Joe Casper may not be able to illuminate “Deflategate,” but he believes his company’s efforts are going to bring new perspectives of Super Bowl XLIX for those in Glendale or watching the action at home.
This season, the University of Phoenix Stadium became the first NFL venue to be illuminated with high output LED Lighting. In addition to reducing energy usage by more than 75%, the Ephesus LED lighting system provides a much more even disrtribution of light throughout the playing surface. For the Super Bowl, Ephesus Lighting engineers calculate 250 foot candles of light on the playing surface – nearly 20% more than has ever been provided for an NFL game.
According to Casper, the founder and CTO of Ephesus Lighting, the increased level of light will serve to reduce glare and eliminate unwanted shadows. The improved uniformity will enable fans at the stadium and at home to upgrade their vantages. With traditional metal halide light, broadcasters need to keep adjusting the camera’s aperture and open as wide as possible to let enough light in. This limits the high-definition TV capabilities.
Casper said that with an assist from Ephesus, NBC will reduce the aperture size, and, in turn, increase the focal plane providing more depth of field and more detail. Additionally, blurry images emanating from cameras zooming in or showing a slow motion replay will be greatly mitigated.
Speaking of replay, the not so instant version has certainly impacted the playoff fortunes of the Detroit Lions and their tamers, the Dallas Cowboys. Casper said the advances in LED lighting will aid referees and league playoff officials at Super Bowl XLIX by providing the clearest pictures ever from an NFL game.
“The way we are lighting the field for Super Bowl XLIX will allow NBC cameras to get more clarity and a greater depth of focus,” said Casper. “As a result they will be able to zoom in tighter on replays and super slow motion without the flicker-effect or blurriness that is often associated with zooming in. This should help replay officials have the best possible pictures to make the right call.”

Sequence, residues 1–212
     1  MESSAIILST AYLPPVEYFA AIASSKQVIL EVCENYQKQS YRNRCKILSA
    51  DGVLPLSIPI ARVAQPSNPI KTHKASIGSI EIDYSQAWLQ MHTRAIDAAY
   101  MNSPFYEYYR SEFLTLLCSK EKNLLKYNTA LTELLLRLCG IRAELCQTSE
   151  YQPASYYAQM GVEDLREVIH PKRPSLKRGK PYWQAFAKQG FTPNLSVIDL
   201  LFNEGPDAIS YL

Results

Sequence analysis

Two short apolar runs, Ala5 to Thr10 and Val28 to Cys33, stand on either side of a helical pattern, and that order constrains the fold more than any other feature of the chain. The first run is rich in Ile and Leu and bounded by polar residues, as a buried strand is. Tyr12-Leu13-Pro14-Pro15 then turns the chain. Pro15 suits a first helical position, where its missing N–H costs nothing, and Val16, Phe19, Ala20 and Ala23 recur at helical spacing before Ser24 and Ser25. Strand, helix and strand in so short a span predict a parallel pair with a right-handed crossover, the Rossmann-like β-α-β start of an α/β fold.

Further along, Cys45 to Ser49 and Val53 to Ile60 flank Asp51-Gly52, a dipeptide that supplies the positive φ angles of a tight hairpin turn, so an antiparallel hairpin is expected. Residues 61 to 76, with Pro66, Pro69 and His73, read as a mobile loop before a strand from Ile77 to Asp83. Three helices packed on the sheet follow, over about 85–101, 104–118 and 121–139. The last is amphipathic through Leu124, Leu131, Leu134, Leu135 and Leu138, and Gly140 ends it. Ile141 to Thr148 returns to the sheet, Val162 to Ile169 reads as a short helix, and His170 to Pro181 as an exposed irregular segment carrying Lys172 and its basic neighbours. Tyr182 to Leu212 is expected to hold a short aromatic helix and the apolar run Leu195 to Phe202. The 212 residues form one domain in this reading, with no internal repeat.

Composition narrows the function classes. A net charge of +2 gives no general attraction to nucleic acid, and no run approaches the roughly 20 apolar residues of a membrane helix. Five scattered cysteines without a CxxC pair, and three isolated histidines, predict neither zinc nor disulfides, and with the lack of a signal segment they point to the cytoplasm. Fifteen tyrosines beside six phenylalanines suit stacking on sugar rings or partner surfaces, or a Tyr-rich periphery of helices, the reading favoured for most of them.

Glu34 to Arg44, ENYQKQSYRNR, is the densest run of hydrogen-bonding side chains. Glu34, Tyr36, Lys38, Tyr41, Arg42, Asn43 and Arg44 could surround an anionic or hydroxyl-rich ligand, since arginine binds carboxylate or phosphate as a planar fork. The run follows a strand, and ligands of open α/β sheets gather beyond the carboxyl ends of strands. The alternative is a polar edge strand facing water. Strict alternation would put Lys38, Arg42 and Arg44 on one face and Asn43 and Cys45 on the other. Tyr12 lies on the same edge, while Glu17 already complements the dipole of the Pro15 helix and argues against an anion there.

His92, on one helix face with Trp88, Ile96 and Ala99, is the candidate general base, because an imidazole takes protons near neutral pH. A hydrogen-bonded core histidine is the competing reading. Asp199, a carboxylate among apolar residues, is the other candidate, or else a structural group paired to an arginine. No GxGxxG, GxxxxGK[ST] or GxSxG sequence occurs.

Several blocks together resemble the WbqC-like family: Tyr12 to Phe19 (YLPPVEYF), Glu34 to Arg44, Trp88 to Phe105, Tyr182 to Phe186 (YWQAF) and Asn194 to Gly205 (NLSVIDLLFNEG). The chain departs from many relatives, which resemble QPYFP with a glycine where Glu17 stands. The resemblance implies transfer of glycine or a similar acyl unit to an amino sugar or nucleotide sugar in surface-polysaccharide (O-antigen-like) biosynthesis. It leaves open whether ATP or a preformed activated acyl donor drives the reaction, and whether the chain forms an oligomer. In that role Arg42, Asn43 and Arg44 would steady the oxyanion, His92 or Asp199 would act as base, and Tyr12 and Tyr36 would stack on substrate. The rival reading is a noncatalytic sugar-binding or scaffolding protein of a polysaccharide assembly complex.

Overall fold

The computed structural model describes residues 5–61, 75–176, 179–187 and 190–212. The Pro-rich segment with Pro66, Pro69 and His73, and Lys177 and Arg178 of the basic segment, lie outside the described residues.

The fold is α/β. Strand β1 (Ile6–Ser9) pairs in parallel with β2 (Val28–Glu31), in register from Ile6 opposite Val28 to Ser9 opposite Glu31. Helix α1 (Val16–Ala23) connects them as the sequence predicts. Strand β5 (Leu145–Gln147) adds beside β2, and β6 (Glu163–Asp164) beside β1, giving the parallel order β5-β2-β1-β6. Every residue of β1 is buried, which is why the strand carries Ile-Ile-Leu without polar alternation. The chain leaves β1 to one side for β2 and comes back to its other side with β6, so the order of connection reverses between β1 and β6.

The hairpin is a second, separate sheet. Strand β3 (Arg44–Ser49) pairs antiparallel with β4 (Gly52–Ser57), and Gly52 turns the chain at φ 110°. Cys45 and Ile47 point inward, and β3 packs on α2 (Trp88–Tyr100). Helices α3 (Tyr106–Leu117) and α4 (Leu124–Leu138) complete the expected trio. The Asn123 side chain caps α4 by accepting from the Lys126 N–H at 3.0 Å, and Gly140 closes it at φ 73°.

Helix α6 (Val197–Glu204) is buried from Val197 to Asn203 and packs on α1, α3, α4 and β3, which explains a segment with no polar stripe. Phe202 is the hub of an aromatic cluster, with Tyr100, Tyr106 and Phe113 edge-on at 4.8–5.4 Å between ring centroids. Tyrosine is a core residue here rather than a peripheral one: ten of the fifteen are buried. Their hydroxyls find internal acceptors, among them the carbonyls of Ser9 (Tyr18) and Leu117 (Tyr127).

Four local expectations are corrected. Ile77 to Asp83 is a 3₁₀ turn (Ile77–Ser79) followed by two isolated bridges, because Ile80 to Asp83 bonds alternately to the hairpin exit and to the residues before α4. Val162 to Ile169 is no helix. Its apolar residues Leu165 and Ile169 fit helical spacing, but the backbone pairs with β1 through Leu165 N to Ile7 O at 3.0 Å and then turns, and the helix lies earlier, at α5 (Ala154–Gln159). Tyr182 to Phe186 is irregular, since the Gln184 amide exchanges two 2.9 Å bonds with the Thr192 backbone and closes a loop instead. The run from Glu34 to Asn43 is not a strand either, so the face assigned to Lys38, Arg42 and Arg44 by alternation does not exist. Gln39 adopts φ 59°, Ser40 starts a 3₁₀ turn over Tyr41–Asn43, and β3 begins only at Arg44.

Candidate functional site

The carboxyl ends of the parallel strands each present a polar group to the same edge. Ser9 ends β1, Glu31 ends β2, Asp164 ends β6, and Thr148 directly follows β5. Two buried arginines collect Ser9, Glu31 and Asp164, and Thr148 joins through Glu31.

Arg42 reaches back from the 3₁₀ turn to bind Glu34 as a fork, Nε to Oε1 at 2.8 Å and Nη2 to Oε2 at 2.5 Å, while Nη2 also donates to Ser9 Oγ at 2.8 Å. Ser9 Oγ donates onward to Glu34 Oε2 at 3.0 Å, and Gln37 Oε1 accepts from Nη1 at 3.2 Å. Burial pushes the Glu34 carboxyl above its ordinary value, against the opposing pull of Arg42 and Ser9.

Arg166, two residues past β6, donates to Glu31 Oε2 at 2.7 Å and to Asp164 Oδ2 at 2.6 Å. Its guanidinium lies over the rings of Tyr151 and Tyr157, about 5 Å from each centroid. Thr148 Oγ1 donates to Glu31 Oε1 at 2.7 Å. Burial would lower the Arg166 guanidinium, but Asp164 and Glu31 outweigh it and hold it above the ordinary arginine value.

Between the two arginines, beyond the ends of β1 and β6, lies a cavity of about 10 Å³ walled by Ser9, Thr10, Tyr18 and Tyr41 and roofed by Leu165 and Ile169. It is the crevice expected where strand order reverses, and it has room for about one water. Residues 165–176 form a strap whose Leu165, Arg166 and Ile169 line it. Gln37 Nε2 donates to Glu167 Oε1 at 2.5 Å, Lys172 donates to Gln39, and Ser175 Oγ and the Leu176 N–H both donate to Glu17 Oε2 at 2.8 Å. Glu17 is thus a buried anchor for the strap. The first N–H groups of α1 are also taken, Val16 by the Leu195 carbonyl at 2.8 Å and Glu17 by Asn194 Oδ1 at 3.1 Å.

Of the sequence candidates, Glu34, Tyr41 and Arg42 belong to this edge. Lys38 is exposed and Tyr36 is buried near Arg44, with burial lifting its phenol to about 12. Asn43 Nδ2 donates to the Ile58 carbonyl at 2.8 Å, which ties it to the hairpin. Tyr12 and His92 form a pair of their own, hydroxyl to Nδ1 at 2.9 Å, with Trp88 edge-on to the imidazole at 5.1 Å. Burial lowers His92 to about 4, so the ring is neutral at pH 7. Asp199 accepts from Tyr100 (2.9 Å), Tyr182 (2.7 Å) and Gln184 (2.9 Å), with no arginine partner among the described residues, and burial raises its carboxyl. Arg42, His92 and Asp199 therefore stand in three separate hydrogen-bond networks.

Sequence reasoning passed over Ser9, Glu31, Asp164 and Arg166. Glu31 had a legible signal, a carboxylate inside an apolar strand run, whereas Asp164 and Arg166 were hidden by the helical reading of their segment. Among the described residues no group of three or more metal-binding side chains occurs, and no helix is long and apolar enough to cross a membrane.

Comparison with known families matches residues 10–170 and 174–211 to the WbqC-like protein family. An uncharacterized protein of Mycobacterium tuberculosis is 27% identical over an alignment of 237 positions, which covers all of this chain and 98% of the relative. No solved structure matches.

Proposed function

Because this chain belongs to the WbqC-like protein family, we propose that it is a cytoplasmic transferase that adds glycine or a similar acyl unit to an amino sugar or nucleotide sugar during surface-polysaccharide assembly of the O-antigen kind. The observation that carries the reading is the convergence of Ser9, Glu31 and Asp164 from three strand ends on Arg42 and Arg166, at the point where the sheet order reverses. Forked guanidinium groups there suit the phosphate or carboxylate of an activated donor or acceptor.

Casper said Ephesus' game plan for LED lighting centered on a trio of tenets.
“When we went into the sports LED lighting business we wanted to focus on three attributes,” he said. “We wanted to improve player performance, give the fans at home and at the game a better experience, and reduce energy usage. The ability to help referees make the right call is an added benefit that may help change the outcome of a game for the better one day.”
Given the way things have gone for the NFL on and off the field this season, one can certainly hope so.
The Ephesus system also carries other benefits. NBC, if it desires, can trigger an in-stadium light show or have the lights chase each other and “do the wave” around the venue. Moreover, Casper said Ephesus will function as a prevent defense of sorts to what happened in the Superdome with the 2013 Big Game, maintaining there won’t be a 20-minute delay if there is a power disruption. Rather, he says, the lights will flip right back on.
Regardless of the outcome on the field, Casper thinks broadcasters and stadium operators will look back at Super Bowl XLIX as the day the lights went on for new ways to showcase American sports. “Every new stadium and arena will feature LED lighting,” he said, adding that over the next five years half of extant sporting structures will make a similar conversion.
Casper said Ephesus is in discussions with a number of new venues about its LED system.
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